We have transitioned Ask Trevor into a broader, more effective resource for LGBTQ young people and their allies.
Please check out our new FAQ page here: http://TrevorSupportCenter.org
Hi Trevor, I’m 13 and I need help, I don’t really know if I’m a lesbian or not, but I need your help! I’ve gone out with so many guys, yet none of them ever make me happy! But when I look at a girl, I just want to kiss her! It’s embarrassing, but I know that I shouldn’t be ashamed of it! I just don’t know what to do! If I told my friends, it would spread like wild fire in School, and we don’t have any other Lesbian’s in out School that I know of! I don’t even know if I am a lesbian, but I want to figure it out, but how do I figure such a thing out?
We’re glad you reached out to us about your confusion. Certainly it took a lot of courage to write us and bare your feelings, and for that you can feel good about yourself. It’s understandably a tough age to be, as you’re trying to cope with feelings you never felt before. And agreed, you shouldn’t be ashamed of your feelings, because what you are feeling is totally normal, and natural for you. It’s who you are. And odds are that you’re probably not alone in your school, as it seems like every class and grade eventually has some gay/lesbian kids in it. Everybody discovers their sexuality at their own pace, and some don’t figure themselves out until much later. So even if they already know, they have yet to come out.
A person’s sexuality involves emotional, romantic, as well as physical feelings and attraction for people of both genders (bisexual), people of the same gender (lesbian and gay), and people of the opposite gender (heterosexual or straight). It may help for you to think about whom you have crushes on and about whom you fantasize about being with girls, boys, or both. To help you figure it out, you may find it helpful to read some reference material that we have on our website at http://www.thetrevorproject.org/section/YOU where you can find various questions you can ask yourself. After all, only you can determine what you are feeling.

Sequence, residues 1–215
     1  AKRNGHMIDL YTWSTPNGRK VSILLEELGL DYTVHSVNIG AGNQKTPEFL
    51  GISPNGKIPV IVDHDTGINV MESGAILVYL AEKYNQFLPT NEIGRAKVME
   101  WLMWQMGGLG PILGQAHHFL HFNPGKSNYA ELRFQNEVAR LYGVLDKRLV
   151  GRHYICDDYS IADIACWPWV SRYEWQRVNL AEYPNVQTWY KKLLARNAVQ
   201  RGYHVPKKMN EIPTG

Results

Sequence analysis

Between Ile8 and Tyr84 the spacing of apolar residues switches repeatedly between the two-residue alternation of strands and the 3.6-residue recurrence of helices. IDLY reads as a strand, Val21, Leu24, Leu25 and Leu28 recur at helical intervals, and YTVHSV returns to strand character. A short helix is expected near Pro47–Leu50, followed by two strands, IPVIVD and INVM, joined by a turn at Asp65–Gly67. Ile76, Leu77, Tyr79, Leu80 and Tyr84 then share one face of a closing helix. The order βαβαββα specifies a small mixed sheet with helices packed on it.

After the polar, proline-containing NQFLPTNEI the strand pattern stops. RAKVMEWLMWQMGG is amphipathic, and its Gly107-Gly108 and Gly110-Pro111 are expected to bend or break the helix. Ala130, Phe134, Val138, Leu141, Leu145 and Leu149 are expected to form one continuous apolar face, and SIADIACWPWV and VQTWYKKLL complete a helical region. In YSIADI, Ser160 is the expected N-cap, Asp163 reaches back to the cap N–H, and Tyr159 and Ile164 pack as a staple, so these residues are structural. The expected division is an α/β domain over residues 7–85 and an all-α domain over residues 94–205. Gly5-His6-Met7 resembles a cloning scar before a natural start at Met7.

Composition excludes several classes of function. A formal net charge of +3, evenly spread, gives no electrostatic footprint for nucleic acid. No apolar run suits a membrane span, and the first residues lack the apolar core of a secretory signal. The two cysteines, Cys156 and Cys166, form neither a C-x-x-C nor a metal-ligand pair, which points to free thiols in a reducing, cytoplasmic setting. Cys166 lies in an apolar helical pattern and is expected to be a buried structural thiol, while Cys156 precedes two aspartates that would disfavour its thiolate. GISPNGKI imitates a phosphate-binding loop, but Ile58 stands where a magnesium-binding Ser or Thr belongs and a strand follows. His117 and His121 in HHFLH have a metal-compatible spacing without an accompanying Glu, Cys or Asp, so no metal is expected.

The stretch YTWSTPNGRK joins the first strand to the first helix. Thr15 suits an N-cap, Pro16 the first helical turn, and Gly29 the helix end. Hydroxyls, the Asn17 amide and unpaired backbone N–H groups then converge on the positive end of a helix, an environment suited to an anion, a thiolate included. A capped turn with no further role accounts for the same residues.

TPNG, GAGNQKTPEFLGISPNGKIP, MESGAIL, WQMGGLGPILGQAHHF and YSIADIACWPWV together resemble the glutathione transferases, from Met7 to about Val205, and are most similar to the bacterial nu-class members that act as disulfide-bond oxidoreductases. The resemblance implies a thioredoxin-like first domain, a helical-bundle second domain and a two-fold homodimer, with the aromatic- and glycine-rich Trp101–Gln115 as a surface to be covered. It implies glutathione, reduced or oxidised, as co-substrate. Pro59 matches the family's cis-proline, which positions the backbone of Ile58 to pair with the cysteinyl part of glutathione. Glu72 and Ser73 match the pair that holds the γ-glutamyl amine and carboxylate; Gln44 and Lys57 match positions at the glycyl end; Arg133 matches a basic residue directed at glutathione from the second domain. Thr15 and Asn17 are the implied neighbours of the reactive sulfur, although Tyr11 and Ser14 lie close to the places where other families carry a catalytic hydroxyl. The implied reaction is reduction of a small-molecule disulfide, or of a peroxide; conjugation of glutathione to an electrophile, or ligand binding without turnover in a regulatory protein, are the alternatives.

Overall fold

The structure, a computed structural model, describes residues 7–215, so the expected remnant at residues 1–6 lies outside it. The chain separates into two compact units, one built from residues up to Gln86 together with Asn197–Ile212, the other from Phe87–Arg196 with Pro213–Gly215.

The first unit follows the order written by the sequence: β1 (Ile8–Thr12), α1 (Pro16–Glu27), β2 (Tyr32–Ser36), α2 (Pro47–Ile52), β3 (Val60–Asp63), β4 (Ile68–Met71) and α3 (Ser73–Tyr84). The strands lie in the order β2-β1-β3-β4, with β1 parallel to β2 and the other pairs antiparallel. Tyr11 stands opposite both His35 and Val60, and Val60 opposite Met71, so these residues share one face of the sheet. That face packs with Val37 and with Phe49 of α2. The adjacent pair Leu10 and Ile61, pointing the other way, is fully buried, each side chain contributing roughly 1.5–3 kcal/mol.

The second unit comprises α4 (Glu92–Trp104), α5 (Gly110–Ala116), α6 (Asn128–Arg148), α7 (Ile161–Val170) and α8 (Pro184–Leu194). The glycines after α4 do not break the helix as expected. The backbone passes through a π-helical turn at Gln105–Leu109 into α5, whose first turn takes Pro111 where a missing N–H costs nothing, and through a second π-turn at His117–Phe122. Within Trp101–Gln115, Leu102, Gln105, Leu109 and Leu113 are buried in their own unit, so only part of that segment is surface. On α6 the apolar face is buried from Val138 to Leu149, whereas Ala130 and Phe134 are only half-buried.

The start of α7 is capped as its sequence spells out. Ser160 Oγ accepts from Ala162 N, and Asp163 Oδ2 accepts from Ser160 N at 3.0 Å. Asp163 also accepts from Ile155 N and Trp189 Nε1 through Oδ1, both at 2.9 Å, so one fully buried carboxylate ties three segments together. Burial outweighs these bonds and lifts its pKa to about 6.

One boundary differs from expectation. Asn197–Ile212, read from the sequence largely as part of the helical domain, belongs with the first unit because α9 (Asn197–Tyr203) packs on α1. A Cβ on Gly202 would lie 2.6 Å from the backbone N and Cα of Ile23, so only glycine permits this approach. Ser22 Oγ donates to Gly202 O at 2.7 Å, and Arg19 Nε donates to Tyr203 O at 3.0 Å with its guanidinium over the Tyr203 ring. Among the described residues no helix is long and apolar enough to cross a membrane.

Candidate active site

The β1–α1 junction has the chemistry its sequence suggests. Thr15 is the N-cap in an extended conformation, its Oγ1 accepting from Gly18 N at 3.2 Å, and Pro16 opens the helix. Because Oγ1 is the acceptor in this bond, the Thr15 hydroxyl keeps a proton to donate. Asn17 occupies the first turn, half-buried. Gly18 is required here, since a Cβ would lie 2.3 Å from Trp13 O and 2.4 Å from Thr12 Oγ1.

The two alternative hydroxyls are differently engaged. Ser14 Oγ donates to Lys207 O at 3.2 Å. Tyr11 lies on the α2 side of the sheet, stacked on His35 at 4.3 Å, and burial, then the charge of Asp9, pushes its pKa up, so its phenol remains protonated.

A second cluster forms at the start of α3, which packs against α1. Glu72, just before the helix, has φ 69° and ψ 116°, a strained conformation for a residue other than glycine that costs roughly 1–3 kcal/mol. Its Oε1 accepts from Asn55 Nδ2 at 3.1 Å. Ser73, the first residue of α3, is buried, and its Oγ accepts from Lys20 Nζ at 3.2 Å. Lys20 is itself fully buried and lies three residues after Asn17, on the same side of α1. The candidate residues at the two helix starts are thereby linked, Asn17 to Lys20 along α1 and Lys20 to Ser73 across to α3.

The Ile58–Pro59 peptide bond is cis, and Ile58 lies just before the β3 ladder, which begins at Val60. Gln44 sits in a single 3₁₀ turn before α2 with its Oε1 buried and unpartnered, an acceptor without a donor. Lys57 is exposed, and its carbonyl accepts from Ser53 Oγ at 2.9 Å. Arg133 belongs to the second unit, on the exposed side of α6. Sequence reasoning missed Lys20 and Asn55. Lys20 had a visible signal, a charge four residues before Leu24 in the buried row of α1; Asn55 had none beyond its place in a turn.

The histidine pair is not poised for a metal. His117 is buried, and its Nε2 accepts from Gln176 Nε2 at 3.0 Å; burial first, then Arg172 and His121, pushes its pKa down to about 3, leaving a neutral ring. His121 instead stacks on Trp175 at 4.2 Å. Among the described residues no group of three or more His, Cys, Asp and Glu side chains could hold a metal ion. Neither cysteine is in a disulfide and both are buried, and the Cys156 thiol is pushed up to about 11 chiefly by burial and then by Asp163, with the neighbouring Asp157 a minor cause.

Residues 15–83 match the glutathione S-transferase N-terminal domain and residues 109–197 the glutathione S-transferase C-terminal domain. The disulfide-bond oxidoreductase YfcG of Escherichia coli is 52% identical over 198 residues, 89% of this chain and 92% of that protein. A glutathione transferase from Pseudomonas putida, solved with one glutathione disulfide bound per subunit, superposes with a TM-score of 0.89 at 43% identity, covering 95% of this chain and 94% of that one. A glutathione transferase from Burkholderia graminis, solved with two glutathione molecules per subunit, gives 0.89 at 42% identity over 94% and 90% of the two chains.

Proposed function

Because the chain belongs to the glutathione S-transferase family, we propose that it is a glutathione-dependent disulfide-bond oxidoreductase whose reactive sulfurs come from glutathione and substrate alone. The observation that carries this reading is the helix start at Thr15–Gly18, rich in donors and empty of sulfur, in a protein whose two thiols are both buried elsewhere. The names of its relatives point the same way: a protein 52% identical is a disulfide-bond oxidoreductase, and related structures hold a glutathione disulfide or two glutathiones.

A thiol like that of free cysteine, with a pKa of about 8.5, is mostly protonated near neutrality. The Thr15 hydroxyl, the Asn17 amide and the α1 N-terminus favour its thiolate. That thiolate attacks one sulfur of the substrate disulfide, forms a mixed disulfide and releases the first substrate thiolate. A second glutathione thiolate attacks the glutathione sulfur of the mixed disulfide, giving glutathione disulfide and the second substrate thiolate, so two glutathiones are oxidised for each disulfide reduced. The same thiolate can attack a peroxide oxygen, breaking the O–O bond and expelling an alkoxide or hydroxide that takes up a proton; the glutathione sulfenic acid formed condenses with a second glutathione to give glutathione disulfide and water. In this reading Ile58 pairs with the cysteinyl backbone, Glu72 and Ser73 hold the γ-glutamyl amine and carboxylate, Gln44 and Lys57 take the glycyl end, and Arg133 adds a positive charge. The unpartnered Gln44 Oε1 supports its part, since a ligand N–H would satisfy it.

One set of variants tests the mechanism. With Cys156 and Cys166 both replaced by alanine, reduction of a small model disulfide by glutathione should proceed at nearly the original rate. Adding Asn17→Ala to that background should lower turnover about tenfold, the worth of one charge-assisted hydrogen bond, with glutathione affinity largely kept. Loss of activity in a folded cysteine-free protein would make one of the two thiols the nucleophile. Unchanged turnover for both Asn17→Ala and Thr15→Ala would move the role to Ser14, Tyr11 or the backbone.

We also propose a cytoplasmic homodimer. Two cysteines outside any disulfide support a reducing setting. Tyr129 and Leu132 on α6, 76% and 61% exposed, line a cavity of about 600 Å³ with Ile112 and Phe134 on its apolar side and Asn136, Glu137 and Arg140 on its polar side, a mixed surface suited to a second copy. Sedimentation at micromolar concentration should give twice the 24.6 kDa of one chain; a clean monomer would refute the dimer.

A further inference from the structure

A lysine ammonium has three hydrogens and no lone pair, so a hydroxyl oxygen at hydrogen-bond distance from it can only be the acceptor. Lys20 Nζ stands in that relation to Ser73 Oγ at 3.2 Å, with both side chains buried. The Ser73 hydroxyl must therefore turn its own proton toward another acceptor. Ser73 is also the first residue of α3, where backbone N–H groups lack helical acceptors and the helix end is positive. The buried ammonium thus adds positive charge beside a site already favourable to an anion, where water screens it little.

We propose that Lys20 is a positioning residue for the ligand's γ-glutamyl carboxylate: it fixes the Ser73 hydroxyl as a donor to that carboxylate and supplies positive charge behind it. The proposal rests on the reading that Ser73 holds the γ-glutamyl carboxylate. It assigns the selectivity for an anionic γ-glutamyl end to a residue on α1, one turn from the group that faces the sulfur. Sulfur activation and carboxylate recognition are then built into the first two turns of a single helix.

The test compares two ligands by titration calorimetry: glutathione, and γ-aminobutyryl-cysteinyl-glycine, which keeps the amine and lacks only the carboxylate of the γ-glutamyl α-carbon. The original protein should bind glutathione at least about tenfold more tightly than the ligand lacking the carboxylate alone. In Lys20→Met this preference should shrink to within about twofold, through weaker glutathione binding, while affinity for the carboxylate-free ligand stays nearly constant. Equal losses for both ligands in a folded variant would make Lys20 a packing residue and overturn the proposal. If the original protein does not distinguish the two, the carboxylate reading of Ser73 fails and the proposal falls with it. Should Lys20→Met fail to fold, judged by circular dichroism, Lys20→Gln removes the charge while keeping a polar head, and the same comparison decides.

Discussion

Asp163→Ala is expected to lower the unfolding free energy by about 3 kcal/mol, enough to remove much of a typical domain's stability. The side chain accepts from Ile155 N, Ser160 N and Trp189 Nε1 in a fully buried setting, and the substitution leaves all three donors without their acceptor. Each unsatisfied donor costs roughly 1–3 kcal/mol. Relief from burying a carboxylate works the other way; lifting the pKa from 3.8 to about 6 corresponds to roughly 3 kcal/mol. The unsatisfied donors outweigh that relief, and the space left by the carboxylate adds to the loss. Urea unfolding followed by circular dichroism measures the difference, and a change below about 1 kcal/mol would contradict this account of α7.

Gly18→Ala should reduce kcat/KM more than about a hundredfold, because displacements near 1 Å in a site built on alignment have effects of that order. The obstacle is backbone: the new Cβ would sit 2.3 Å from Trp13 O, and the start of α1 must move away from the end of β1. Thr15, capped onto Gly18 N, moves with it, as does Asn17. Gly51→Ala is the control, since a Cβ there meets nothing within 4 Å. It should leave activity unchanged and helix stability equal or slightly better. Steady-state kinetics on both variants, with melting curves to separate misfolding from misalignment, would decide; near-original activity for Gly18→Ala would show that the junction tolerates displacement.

And what you tell anyone, if at all, or even when, should be your decision. Obviously you realize the possible risks in that, and your safety and comfort is the most important thing to consider. But that’s probably something you can put off until you are more assured in your sexual identity. Keep in mind that you can also find an accepting community through TrevorSpace, The Trevor Project’s social network. There is also always someone to offer you advice, either through our online chat service TrevorChat, located at http://www.thetrevorproject.org/chat , or through our lifeline, which you can reach by calling 1-866-488-7386.
Do write again, as we love hearing from you.